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The entire plant is translucent white, sometimes with a pale pink hue, and it often has black flecks. Indian Pipe has bract-like scales instead of leaves, with a single flower at the end of the stem. Upon emerging from the ground, the flower is pendant. As it matures, the flower becomes erect and in line with the stem.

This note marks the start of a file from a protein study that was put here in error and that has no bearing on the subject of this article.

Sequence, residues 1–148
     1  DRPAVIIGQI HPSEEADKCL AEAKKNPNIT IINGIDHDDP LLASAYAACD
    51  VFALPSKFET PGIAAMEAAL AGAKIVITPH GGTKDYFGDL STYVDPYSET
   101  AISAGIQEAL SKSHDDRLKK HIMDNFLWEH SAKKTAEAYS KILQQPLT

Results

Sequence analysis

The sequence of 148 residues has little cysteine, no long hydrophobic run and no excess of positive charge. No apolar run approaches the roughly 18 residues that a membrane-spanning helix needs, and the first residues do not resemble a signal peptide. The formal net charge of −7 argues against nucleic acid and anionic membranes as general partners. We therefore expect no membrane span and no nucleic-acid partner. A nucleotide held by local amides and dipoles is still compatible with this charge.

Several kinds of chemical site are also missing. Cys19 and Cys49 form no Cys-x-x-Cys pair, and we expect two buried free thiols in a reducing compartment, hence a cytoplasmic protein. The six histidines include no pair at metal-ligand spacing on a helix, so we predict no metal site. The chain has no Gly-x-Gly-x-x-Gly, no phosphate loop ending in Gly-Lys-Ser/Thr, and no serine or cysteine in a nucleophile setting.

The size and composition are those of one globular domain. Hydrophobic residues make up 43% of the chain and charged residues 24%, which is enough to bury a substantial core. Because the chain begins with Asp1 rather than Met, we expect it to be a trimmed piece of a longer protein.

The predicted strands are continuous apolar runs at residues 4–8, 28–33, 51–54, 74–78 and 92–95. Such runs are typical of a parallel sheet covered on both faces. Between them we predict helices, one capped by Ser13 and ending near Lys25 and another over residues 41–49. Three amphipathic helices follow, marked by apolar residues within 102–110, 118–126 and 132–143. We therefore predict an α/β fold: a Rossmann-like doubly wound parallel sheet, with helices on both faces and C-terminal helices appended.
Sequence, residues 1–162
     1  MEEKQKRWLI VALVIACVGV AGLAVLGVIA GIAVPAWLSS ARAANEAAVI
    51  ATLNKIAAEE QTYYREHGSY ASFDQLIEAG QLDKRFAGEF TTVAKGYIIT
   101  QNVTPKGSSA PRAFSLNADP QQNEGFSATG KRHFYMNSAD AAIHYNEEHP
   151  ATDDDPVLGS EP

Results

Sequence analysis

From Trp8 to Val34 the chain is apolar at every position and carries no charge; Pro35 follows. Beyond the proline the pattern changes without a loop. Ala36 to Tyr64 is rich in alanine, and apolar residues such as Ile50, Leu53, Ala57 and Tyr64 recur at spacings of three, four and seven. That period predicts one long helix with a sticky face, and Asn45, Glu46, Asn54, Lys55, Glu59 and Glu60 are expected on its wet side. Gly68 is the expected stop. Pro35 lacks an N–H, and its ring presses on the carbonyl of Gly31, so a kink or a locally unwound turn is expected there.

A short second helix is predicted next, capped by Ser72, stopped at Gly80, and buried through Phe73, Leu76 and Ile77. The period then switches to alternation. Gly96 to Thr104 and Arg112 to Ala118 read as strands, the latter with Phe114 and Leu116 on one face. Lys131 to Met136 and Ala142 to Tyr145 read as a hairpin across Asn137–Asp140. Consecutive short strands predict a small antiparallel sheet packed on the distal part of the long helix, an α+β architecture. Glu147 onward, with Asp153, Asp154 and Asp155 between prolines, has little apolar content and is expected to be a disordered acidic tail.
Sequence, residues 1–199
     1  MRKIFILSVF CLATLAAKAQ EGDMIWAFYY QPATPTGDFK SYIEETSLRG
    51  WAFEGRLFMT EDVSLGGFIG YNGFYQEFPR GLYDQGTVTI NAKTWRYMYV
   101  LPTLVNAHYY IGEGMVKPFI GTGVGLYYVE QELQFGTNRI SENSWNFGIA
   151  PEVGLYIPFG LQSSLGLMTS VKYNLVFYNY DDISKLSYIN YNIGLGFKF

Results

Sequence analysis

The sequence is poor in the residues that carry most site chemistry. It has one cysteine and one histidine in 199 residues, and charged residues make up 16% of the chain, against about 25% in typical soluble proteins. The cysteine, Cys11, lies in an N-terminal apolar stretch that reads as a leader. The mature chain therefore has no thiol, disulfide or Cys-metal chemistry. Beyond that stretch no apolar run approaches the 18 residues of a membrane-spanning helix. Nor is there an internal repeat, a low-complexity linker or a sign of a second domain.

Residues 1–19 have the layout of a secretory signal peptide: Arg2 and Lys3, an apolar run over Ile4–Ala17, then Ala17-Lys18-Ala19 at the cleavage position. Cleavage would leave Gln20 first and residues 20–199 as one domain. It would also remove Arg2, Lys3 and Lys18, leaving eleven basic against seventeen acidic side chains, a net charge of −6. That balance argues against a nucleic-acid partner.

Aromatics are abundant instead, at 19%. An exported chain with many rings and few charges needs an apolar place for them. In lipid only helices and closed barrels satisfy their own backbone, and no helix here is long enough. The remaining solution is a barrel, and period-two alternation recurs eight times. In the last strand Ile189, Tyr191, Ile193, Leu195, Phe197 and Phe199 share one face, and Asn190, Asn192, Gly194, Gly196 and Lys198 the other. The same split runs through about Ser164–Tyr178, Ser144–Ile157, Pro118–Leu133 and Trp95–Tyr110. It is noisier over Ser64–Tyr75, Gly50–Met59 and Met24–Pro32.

Growing on the ground and in moss in a deciduous forest.
While Indian Pipe is a flowering plant, it is unusual because it isn't green. Unlike most plants, Indian Pipe is white and doesn't contain chlorophyll. Instead of generating energy from sunlight, it is parasitic - more specifically it's a myco-heterotroph. Myco-heterotrophs get their food by parasitizing fungi. They do this by linking their roots with the mycelia of a fungus from which the plant will then get its nutrients.